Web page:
BusinessDay

Mohammed Jega demand Financial services for female entrepreneurs (MSMEs) in Northern Nigeria 

Mohammed Ibrahim Jega, Co-founder of Domineum Blockchain Solutions has revealed how some of the government policies have affected the economic growth and the over-dependency on public sectors.

He also pointed out key factors that can improve economic development and also women involvement and support to create a balanced workflow in the country.

“The Nigeria economic activities since independence have been dominated by the public sector and large corporations which are characterised by a method of capital production and import-dependent. With these activities is disappointing to say the economic development in the country is at a slow pace considering the abundant human material and Natural resources.  So many factors have led this slow pace in economic development, one of which is change in government policies that have made it difficult for these large cooperations to operate and create employment that will eradicate poverty” he says.

On the slow deviation to individual entrepreneurship development and rise of small and medium enterprises, “emphasis in Nigeria have shifted to entrepreneurship development, small and medium enterprises (MSMEs) contribution to economic growth and development of Asian countries. It is expected that the development of MSMEs in Nigeria will drive innovations and competition in many economic sectors and boost the country economy.

“According to the Small and Medium Enterprises Development Agency of Nigeria (SMEDAN) and National Bureau of Statistics (NBS) Survey (2017), revealed that 41.5 million Micro, Small and Medium Enterprises (MSMEs) were registered in 2017. With Lagos State having the highest number of enterprises across all classes, while Katsina had 36.4 per cent, Rivers 21.7 per cent and Kaduna 18.1 per cent. A total of 86.8 males were dominant in agriculture, while 86.8 female dominance was instead observed in accommodation and food services, 68.7 percent recorded in manufacturing, 64.5 per cent on wholesale/retail trade”, he added.

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Using the 2020 report from pwc on micro-business distributions in Nigeria, he says:

“In a report from PWC in April 2020, 41% of micro-businesses in Nigeria are owned by women. According to reports from EFInA (Enhancing Financial Innovation Access, more than 55% of financially excluded adults in Nigeria are women and of the 25.1million financially excluded in the north, 13.1 million are women. These women get involved in enterprising activities in order to be financially independent and also provide the means of survival for their families.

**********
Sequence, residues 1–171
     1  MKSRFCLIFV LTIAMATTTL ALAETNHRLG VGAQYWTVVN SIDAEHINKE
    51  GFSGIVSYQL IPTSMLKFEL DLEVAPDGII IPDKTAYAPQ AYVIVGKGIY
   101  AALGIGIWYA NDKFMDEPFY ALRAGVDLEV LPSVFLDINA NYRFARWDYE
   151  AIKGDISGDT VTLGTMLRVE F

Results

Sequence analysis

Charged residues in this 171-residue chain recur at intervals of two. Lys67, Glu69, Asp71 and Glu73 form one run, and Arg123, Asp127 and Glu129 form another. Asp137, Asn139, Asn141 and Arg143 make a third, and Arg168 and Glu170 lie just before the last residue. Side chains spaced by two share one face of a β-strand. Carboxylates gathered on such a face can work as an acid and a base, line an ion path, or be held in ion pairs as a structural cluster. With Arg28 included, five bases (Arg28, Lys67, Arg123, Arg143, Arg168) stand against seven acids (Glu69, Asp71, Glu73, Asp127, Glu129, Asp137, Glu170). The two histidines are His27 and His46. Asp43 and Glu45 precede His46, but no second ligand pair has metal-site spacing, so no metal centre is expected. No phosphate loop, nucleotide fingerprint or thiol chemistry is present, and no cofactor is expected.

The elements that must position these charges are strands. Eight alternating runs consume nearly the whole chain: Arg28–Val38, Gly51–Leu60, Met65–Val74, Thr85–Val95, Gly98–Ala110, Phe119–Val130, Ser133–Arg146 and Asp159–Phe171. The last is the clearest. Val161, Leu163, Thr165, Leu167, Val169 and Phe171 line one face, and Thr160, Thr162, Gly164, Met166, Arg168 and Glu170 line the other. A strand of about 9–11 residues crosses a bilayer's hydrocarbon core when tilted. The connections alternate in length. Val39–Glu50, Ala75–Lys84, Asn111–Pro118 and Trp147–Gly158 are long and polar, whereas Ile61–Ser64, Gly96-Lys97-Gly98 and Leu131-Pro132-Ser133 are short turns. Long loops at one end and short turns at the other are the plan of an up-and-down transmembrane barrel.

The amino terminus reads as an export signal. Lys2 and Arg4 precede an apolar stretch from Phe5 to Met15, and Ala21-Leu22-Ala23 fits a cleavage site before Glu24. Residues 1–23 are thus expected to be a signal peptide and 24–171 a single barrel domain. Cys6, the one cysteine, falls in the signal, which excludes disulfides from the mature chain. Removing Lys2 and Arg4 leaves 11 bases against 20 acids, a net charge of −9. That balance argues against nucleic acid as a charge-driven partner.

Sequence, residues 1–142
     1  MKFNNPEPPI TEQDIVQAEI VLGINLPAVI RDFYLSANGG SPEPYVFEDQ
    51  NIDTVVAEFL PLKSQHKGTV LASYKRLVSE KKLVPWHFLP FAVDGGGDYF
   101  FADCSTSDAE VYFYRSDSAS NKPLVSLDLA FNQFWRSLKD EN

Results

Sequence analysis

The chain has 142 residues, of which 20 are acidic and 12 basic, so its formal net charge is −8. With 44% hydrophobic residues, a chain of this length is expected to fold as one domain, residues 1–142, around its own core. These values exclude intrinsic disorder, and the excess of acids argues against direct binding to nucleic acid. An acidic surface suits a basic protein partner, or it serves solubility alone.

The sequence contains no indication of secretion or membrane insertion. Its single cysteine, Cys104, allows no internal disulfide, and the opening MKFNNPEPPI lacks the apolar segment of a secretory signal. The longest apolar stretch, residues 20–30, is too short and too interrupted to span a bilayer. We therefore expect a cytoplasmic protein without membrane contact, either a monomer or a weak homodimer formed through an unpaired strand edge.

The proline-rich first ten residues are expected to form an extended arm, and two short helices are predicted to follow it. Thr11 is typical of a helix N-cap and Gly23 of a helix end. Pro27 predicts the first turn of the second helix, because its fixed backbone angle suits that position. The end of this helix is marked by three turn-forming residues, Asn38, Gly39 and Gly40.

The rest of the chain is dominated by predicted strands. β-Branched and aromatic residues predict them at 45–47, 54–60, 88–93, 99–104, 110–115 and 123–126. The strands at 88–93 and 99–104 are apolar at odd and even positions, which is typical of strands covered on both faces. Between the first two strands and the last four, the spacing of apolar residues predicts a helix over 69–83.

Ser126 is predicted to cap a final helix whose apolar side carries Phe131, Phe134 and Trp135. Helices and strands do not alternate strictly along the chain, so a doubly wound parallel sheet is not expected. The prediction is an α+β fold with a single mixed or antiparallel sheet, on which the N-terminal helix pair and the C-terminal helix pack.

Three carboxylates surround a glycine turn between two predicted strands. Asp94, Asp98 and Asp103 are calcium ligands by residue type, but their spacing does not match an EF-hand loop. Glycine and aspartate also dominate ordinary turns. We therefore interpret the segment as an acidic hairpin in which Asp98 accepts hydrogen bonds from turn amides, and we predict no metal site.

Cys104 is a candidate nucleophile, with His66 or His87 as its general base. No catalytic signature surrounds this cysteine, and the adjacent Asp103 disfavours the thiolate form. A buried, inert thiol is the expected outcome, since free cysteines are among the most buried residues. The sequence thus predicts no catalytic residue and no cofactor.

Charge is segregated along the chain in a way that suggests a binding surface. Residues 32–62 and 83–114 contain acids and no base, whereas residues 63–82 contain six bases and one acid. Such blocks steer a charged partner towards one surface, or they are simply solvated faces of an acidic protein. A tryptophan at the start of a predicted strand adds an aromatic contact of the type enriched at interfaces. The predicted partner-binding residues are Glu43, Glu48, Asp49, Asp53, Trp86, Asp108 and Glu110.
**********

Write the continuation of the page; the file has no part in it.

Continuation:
“It is important to acknowledge that financial inclusion can have a transformational impact on women’s economic empowerment, such as increasing the participation of women in setting up businesses, which I believe will reduce poverty in the in the North. ‘’ When you empower a woman, you have empowered a community’’.
There are several barriers, faced by these women that limit their access to use financial services, which I have identified: lack of an ID to prove identity, financially discrimination to accessing credit facilities, insufficient traditionally required collateral, mobility constraints and little or no financial literacy.
“These can be overcome by developing customized value propositions tailored to women’s needs and gender-smart products, and support the development of fintech companies that could create simple and easy to use fintech solution accessible to these female entrepreneurs in the north which enables them carry out business transactions daily”.

Jega, founder Startup Arewa, in his final statement reveals how the government can play a huge role in encouraging these women by assisting through the Central Bank of Nigeria (CBN) and collaborating with microfinance institutions to embark on campaigns that will sensitize and train the unbank rural female entrepreneurs  on the need to patronize banks.

“The CBN can recruit female micro entrepreneurs, train them and provide guaranteed credit to them through MFBs. The MFBs can mentor and guide these women to succeed. The training will provide them with required skills and confidence that will douse their phobia with the involvement of CBN, it will help the microfinance banks to avoid the lapses that caused the failure of access to government loan schemes/programmes’, he said.

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